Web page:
You have probably heard of mastocytosis and MCAS, but have you heard of MMAS?
MMAS stands for “monoclonal mast cell activation syndrome”.
Some patients with recurrent mast cell activation may have clonal mast cells in bone marrow as in mastocytosis (systemic or cutaneous) or a monoclonal mast cell activation (MMAS). Patients with clonal mast cell disorders generally have varying degrees of expansion of the mast cell compartment derived from a progenitor with a genetic defect that presumably reduces the cell’s threshold for activation. These patients may have elevated serum tryptase levels, carry c-kit mutations (most commonly D816V) in lesional mast cells, or have other markers of mast cell clonality such as aberrant CD25 expression.
MMAS has been diagnosed in patients with systemic reactions to hymenoptera stings and elevated baseline serum tryptase as well as in patients with unexplained episodes of anaphylaxis. A bone marrow biopsy establishes the diagnosis by revealing the presence of monoclonal mast cells that carry the D816V KIT mutation and/or express CD25 while the diagnostic requirements for systemic mastocytosis are not met.
I had systemic reactions to wasp stings (each one worse than the last) when I was stung three different times in less than a year back in 2014/15. I am c-kit negative (both blood and bone marrow tested) and there were no multifocal dense infiltrates of mast cells, but according to my BMB results I do fulfill one of the minor criteria for diagnosing mastocytosis because at least some of my mast cells are expressing CD25.
My main concern is whether or not MMAS is “borderline mastocytosis” and I can’t help but wonder, am I in the very early stages of mastocytosis??
I asked my doctor and he honestly didn’t know. The experts thankfully address this question here, though:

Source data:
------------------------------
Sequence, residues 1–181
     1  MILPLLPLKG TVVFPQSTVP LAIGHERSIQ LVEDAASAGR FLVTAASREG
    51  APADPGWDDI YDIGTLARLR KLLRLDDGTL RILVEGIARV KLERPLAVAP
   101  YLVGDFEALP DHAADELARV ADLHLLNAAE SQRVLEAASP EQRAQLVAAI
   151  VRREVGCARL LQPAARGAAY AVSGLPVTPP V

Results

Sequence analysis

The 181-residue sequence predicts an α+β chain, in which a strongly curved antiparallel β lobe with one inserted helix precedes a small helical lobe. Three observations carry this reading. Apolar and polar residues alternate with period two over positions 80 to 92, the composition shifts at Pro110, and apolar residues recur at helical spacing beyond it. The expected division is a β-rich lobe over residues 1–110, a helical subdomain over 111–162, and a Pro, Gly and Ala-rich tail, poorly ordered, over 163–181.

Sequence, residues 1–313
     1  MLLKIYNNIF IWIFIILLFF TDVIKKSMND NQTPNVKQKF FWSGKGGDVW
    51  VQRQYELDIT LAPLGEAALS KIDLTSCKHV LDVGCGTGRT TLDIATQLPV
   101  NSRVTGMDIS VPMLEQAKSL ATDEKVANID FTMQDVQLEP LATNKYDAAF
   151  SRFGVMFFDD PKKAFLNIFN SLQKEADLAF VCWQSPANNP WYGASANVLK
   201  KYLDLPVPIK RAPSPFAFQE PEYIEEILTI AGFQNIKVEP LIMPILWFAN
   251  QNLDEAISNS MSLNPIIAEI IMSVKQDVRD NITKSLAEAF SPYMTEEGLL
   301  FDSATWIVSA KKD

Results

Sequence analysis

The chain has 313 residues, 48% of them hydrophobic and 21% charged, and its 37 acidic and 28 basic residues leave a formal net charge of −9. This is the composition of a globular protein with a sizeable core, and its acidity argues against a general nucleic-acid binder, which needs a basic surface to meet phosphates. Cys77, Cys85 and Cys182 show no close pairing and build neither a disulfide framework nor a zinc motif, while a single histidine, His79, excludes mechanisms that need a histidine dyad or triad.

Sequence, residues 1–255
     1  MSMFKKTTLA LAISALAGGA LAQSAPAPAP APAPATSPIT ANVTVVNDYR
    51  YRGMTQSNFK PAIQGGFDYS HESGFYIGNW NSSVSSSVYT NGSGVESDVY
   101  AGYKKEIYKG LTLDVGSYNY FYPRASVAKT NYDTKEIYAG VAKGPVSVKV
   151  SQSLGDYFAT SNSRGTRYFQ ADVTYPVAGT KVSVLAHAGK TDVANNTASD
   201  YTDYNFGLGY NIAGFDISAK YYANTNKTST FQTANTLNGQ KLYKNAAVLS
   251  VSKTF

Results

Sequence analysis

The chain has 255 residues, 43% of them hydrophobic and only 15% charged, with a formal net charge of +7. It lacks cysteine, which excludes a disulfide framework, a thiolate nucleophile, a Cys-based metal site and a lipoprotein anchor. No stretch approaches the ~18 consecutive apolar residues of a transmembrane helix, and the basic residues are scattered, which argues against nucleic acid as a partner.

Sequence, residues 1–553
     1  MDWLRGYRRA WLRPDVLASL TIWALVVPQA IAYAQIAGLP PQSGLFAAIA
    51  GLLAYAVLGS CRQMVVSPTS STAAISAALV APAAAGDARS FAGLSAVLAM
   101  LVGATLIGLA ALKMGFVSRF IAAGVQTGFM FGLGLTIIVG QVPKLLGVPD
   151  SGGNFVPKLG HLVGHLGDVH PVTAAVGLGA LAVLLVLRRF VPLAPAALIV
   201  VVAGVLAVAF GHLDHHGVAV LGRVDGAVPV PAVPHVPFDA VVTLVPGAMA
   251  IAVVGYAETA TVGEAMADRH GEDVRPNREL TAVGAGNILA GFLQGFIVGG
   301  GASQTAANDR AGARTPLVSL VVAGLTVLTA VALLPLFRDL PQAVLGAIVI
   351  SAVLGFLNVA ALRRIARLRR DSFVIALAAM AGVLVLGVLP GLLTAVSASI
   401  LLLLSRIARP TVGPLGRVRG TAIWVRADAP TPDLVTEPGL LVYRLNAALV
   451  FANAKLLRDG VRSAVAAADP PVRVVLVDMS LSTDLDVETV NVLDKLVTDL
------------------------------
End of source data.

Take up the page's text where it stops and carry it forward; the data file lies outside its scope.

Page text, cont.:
While one might speculate that MMAS may simply be a precursor to systemic mastocytosis, several lines of evidence suggest that this is not the case. First, follow up data available so far do not indicate progression to systemic mastocytosis in most patients with MMAS. Second, not all patients with systemic mastocytosis go through a phase with mast cell activation symptoms before developing signs or symptoms of tissue mast cell expansion.
Whew! Reading that makes me feel a lot better.
I guess at this point I don’t need to worry too much about narrowing down a specific form of MCAD since the medicines are working (hallelujah!) and I’m not getting any worse now. Both my doctor and my insurer are satisfied with my being diagnosed simply with “mast cell disease” so I suppose I should be happy with that diagnosis, too.
Of course I’d rather not have any form of it, but I’m no longer as worried as I was when I thought that my having (what appears to be) MMAS means it could be the early stages of mastocytosis.
Time will tell, of course, but my fingers are crossed that the experts are right about this one.